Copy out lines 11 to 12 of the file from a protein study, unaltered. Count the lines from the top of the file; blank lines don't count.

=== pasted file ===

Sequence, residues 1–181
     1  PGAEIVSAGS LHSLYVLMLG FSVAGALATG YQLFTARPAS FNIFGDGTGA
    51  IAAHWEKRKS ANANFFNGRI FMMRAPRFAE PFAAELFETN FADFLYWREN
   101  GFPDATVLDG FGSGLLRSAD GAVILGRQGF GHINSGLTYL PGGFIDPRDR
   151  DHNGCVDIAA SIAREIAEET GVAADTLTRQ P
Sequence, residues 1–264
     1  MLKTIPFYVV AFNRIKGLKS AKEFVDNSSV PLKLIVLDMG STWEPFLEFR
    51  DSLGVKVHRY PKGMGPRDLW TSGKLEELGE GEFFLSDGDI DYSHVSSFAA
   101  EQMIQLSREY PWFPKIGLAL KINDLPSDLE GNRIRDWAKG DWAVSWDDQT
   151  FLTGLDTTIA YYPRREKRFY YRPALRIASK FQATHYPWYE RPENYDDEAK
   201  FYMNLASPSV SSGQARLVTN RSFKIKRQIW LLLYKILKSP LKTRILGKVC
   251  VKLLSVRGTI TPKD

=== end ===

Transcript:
   201  FYMNLASPSV SSGQARLVTN RSFKIKRQIW LLLYKILKSP LKTRILGKVC
   251  VKLLSVRGTI TPKD